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The holidays can be a difficult time for people in recovery from alcoholism or drug addiction. There are countless temptations and slippery situations that can come up, not to mention the emotional charge of the season. It is important during this time to make sure you are putting yourself and your sobriety first.

Tis the Season for Temptations


For many, the holidays are a time for excess in all things. Holiday parties are jam packed into the month of December. Alcohol usually is a large part of these parties, whether they are for work, friends, or family. While you may have gotten sober, chances are, the majority of people you either work with or know personally still drink, increasing the odds that if you try to show up for every invitation, you will end up being exposed to more than you are comfortable with. Further, many people who may not know you are in recovery, or who you are less acquainted with, may think that alcohol is a great Christmas gift. Finally, while full of cheer and giving, the holidays can be a stressful time period. Family obligations can be overwhelming, particularly if you have some dysfunction in your family dynamic. Spending lots of time with family can often take an emotional toll. Packed-full social calendars can also be stressful- when you are booked nearly throughout the entire month, it can be easy to overlook necessary personal time. The financial burden of buying Christmas gifts can stretch budgets to their limit- creating additional stresses. Together, all of these things- emotional strain, financial stress, limited down time, an overwhelming calendar, and plentiful exposure/access to alcohol, can create a dangerous situation for someone trying to maintain their recovery, particularly early on.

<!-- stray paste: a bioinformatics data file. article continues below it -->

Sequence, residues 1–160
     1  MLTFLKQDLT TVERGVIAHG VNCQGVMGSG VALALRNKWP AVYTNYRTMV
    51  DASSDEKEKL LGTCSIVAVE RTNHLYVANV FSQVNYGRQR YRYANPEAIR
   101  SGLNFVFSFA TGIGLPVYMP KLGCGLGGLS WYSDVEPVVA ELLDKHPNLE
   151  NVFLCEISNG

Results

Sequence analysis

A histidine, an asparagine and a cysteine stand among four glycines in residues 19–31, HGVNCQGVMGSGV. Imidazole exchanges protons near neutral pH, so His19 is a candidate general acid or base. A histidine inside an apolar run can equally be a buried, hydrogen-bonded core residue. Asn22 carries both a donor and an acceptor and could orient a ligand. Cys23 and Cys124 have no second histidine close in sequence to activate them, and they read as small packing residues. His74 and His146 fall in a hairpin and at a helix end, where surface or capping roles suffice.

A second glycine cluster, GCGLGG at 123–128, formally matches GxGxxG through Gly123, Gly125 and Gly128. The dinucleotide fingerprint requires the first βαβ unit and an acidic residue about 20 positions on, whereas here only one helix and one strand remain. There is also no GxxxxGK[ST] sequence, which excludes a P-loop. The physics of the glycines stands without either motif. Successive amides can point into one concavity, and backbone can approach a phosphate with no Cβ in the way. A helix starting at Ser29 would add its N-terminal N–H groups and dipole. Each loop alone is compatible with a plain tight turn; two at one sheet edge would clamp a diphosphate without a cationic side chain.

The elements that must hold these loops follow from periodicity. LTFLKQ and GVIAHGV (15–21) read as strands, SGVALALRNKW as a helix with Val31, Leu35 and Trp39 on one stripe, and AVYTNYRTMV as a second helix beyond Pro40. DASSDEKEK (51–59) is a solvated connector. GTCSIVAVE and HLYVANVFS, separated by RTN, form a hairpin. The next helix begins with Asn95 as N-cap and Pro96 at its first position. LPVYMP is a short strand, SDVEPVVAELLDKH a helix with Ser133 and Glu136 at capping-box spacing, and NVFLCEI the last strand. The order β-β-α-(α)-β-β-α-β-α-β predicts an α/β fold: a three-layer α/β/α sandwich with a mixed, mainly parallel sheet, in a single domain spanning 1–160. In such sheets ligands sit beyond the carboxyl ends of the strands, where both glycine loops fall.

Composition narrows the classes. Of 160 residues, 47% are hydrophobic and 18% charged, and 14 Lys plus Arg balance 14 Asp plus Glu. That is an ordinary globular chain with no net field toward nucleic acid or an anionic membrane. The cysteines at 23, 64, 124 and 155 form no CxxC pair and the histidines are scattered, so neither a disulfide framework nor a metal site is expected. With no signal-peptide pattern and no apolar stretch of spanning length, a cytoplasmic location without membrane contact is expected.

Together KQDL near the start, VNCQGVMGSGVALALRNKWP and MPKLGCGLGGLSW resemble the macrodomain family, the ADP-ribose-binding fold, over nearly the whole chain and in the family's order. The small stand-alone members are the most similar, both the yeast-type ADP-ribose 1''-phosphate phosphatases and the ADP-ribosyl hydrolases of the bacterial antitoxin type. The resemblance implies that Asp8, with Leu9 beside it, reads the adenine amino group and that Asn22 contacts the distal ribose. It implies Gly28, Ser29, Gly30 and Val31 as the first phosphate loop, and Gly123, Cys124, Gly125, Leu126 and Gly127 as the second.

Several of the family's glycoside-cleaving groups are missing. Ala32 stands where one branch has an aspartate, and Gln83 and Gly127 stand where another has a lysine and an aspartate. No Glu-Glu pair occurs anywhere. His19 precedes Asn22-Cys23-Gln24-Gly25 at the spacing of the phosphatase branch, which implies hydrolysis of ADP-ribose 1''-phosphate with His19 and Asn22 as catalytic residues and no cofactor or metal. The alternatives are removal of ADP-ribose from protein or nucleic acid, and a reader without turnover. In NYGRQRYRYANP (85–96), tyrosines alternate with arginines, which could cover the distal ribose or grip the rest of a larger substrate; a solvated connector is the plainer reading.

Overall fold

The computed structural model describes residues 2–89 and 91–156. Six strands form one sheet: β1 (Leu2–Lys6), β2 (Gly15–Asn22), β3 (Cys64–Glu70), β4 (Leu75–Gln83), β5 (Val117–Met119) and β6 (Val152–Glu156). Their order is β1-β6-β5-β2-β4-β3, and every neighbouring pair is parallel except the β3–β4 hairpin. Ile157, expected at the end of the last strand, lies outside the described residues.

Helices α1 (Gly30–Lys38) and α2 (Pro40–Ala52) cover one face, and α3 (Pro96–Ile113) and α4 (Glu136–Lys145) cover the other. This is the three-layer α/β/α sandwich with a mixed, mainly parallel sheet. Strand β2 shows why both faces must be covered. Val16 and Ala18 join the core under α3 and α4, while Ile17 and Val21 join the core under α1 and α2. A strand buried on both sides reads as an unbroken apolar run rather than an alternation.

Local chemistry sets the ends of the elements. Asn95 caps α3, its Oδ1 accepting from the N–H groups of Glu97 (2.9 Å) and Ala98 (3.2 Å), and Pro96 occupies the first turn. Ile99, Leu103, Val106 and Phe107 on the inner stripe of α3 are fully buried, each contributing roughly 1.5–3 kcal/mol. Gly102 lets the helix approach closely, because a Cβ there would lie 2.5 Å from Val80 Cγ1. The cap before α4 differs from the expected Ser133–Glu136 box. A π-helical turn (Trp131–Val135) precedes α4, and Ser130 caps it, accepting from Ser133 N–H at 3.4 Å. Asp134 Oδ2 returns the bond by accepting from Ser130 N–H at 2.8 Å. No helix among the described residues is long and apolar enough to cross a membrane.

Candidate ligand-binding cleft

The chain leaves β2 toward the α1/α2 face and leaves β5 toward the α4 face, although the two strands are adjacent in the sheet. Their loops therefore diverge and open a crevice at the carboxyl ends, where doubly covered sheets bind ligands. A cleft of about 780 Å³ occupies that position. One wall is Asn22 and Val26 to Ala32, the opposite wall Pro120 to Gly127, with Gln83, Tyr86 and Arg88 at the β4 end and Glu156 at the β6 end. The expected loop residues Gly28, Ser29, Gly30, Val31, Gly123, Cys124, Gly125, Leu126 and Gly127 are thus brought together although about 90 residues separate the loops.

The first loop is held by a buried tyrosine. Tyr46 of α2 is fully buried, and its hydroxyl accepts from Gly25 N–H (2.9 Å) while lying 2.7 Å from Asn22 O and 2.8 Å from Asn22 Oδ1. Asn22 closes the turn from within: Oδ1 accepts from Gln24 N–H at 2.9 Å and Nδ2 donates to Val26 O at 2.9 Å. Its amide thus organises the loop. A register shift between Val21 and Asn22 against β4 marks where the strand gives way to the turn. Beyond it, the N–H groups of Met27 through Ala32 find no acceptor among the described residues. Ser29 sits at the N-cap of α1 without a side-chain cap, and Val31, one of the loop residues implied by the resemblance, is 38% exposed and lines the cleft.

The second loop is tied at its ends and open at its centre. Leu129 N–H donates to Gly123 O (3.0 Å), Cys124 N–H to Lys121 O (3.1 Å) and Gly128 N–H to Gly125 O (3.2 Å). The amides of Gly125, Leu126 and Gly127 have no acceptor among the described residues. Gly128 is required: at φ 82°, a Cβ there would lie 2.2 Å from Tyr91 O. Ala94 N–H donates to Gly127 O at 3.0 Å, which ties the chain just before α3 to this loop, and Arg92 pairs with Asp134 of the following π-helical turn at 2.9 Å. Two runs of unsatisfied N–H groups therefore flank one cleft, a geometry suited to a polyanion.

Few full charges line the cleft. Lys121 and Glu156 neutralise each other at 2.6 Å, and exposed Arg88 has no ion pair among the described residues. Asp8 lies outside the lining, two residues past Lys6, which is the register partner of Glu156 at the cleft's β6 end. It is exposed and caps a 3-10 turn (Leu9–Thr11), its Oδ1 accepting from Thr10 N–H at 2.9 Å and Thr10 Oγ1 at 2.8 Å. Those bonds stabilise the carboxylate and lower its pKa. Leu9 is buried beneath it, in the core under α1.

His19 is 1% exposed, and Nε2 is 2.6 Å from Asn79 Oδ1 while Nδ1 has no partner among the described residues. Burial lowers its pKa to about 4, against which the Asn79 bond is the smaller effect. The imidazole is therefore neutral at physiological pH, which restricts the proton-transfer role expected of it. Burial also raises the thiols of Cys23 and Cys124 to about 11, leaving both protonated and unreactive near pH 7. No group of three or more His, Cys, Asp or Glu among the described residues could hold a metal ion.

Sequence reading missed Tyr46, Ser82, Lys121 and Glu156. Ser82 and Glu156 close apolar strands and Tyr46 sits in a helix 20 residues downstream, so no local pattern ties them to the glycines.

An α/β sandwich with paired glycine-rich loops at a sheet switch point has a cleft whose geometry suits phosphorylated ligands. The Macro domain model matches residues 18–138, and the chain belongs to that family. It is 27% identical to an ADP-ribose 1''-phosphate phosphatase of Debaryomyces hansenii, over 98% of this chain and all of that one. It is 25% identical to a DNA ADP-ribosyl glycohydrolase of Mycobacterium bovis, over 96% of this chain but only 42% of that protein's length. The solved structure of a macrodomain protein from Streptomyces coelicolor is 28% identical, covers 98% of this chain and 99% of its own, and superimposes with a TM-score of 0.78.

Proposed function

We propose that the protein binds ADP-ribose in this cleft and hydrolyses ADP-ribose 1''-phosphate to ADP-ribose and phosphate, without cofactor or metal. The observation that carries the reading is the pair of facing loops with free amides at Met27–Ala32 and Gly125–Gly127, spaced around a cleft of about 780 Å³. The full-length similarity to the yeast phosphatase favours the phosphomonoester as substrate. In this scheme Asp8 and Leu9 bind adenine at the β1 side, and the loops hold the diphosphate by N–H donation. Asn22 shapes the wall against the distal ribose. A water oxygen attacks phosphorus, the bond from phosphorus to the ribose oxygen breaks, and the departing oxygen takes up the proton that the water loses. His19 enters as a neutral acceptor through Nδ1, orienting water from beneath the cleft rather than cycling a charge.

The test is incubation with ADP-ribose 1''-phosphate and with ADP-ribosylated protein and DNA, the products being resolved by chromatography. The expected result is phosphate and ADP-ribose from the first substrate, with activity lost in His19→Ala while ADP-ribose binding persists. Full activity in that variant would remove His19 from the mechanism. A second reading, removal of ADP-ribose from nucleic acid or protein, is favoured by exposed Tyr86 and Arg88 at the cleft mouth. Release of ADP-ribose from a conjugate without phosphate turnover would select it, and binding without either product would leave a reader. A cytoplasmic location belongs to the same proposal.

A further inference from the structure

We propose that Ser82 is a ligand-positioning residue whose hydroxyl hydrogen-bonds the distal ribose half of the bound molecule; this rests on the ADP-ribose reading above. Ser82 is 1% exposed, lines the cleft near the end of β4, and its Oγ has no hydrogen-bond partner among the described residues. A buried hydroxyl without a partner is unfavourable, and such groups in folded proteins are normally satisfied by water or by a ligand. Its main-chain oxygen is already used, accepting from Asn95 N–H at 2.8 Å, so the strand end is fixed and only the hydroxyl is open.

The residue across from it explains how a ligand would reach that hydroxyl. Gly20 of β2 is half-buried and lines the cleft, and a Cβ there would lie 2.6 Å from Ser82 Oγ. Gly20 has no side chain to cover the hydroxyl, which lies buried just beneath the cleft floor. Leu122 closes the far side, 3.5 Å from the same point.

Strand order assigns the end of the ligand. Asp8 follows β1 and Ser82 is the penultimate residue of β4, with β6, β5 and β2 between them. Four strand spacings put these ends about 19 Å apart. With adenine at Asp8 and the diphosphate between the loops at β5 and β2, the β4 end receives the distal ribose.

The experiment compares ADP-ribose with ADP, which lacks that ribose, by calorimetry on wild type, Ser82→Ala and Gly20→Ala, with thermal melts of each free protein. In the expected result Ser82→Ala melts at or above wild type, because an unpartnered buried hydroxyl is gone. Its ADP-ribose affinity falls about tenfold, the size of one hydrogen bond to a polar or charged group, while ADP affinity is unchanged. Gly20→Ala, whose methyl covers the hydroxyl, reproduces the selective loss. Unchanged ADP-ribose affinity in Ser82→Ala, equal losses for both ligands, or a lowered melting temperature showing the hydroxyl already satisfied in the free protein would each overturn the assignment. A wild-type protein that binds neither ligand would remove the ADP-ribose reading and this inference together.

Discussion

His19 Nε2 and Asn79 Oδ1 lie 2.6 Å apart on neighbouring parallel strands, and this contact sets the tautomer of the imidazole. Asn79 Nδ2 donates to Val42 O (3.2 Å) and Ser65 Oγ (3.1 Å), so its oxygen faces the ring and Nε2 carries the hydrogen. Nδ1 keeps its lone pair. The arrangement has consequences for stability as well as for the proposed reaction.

Be Easy on Yourself


On this blog, we have plenty of articles providing helpful tips and advice for avoiding temptations and creating “safety nets” for when you are in a touchy situation. But the main thing to remember this holiday season that will do the most to protect your recovery, is to be kind to yourself, and considerate of your limitations. Your limitations are just that- yours. They may not be the same as your sponsor’s, or your friends’, so you have to be honest with yourself about what you need to maintain your own peace of mind, and limit your chances of a relapse. Remember, it is ok to say no. Leaving some time in your December schedule for yourself- time alone to meditate or just relax, and making sure you leave time for meetings and recovery, is vital for preserving your sanity. While it is important to show up for friends, family, and work obligations, you will not be fully present in those situations if you are neglecting your needs and the needs of your recovery. Further, some situations may just be too tempting- a work holiday party that will be a huge booze-fest might be worth sitting out if you will end up fighting the urge to take a drink the whole time. And that is OK! Everyone has to find their own balance, between showing up and honoring commitments, and not endangering themselves. Strapped for cash? Most people appreciate homemade gifts, such as ornaments, or “vouchers” for things such as babysitting, cleaning, or other ways to help. Blowing your rent or bill money on gifts will not help anyone, and will put undue stress on you. Above all, try to focus on the spirit of the holidays- kindness. Both kindness to yourself, and kindness to others, will ensure you make it to January in one- sober- piece.

Help is Available


If you or someone you know is struggling with drugs or alcohol, don’t wait until it’s too late- call the treatment professionals at Serenity Acres today for your free confidential assessment: 1-800-203-2024.